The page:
Spoiler Alert – Read this article after watching the movie.
It’s reasonable to wonder what a movie about the housing crisis and ensuing financial meltdown could teach regular people in the market about investing. But within The Big Short there are nuggets of wisdom that pertain to value investing. There’s also Margot Robbie in a bathtub, so something for everyone.
The movie is set in the 2000s and follows the events and characters involved in the housing market bubble (Spoiler Alert: that bubble burst). The characters were all prescient, and saw that the housing market was decidedly overvalued, and they realised that they stood to gain by shorting it. Most of the characters in the film, and their real life counterparts, profited immensely from those trades.
While the movie focuses on hedge fund managers, big time stock traders, and bond salesmen – not your typical lot to learn from for personal investing – there are truths in the movie that extend to all levels of value investors. If you’re in London, join us at London Value Investing Club where we as a group of value investor discuss various value investment opportunities.
The market doesn’t always make sense
“Markets can remain irrational for longer than you can remain solvent”
– John Maynard Keynes
The quote from Keynes illustrates a truth from the movie, though it’s not directly evident without thinking about it a little. Part of the problem with following the type of people in the film is that they were all in situations where they had millions of dollars at their disposal. At a few points in the movie, characters were down nearly 40%, and considering whether or not to cut their positions. But they were all certain about the impending burst, so they held on for the massive pay day in the end. But what if the bubble took longer to burst? How long would they have held on, and what level of losses were they willing to tolerate?
If you’re investing for your own financial well being and don’t have millions of dollars in reserve, no matter how sure you are of a commodity gaining value, it may not do so within your time table.
The quote from Keynes illustrates this well. You may be entirely right about something, but the market won’t work on your watch. If you don’t give yourself enough time and leverage, it could be disastrous for you financially.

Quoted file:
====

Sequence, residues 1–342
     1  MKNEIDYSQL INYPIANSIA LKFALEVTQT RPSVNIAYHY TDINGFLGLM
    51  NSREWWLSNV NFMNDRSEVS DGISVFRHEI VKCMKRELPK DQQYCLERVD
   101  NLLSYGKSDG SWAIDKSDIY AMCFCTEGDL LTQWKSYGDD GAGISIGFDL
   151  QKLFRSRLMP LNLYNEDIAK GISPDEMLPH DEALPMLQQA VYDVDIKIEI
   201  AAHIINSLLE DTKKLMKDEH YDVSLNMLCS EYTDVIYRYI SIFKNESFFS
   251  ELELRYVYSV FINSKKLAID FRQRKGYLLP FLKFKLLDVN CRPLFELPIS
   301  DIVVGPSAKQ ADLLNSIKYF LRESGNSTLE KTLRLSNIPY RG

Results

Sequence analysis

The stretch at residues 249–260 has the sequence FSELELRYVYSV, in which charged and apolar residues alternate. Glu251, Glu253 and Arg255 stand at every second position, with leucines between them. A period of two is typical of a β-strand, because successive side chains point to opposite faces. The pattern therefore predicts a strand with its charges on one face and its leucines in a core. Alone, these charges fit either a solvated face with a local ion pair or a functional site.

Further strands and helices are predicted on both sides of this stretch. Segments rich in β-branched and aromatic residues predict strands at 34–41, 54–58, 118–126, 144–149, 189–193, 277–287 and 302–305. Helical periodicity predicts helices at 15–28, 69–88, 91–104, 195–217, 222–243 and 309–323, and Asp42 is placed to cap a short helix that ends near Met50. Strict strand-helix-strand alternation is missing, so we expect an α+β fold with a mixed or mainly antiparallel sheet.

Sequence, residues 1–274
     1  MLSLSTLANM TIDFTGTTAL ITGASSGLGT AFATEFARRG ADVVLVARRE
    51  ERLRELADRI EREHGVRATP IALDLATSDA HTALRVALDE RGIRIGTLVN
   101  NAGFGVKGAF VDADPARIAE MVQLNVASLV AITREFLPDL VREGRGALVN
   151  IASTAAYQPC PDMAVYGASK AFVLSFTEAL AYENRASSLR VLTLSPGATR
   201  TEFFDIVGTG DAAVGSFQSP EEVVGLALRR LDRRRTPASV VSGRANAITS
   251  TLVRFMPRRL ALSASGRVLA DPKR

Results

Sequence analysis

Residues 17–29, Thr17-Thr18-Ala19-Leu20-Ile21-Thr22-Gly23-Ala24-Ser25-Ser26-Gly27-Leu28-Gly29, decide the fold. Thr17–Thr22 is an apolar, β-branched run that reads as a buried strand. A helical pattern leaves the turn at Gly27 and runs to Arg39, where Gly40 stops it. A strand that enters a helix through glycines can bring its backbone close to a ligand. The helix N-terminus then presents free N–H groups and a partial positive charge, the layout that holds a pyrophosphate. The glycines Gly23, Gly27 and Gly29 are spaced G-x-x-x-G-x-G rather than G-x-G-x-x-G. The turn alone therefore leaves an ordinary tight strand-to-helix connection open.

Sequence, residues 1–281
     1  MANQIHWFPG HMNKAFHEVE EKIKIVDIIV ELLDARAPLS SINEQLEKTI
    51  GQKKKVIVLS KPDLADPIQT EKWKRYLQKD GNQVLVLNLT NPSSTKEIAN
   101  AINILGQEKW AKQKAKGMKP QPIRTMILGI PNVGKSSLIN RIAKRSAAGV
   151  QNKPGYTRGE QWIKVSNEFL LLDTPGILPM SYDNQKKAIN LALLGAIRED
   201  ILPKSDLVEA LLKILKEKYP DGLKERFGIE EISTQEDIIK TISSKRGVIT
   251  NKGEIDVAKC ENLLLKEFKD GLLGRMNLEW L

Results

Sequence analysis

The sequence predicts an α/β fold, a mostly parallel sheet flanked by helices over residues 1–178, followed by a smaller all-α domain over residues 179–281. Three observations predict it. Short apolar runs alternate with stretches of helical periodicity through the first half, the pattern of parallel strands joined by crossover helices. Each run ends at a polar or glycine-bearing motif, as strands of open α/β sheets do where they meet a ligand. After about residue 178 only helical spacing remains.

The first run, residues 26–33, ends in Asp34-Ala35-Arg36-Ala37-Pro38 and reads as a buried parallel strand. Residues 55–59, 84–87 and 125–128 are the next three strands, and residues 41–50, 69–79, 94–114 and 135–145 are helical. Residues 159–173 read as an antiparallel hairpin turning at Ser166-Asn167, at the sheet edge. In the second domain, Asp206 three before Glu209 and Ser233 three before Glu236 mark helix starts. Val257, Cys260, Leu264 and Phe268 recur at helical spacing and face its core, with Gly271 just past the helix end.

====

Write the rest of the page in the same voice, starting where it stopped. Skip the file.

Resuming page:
Do ground research away from your desk
One thing you will want to emulate from the characters in the movie is their commitment to research, regardless of their job.
To really get a sense of how disturbed the housing market was, several characters took a trip to suburban Florida to get a sense of what the situation looked like on the front lines.
Without getting into the specifics of the trip in the film (though we could talk about Steve Carrell giving financial advice to a pole-dancer all day), this is the kind of dedication to research that all investors should employ.
Obviously, every investment should come with careful consideration and research. But something that’s lost on a lot of modern investors is that this research can and should take place away from your desk. It may not necessitate a trip to Florida, but if you’re looking to invest in a new sector, go and talk to people who work in that field. There’s much to learn from this kind of research, and any bit of knowledge you can get will help you as an investor.
One advantage the modern investor does have is that now is the best time to do research from your desk. Taking a trip will always be a good idea, but once you have made your way out into the world, there are services, like CityFALCON, that let you follow information like never before.
Hold your position for as long as the fundamental story/hypothesis doesn’t change
While it’s important to know your limits, another lesson from the movie is to hold a position as long as the fundamental hypothesis does not change. Patience can be the most valuable resource for a value investor.
In the movie, almost everyone thought the characters were crazy for betting against the housing market. When they started to take losses, those naysayers took that as a sign that they were correct, and that these were a few outliers who were about to lose a lot of money.
But the main characters in the movie, and the real life people they’re based on, were right, and they held on even though they were taking losses. For value investors, this principle rings true in any circumstance. Remember why you invested in the first place, and if nothing has changed your original hypothesis, you should hang on until you have new information.
Few ‘experts’ actually know what’s going on in the market
In real life – and in the movie – many accomplished Wall street types spouted rhetoric around the stability of the housing market. These people were highly respected and earned massive pay cheques as market experts. Look how that turned out.
No matter how deeply respected, astute, or highly paid these ‘experts’ are, they might have no clue about what’s going on in the market. Even people who predicted the financial crash of 2008 have made huge errors since they made a killing in the crash.
It can be tempting to listen to a person who totally confirms your ideas, and just as tempting to dismiss someone who has opposing views. The market is complicated, capricious and uncontrollable. These factors make truly ‘knowing’ what’s happening at any given point a near impossibility, but after the fact it all looks so obvious. It’s important to keep this in mind when you’re doing any kind of investing; almost no one has any idea what’s really going on.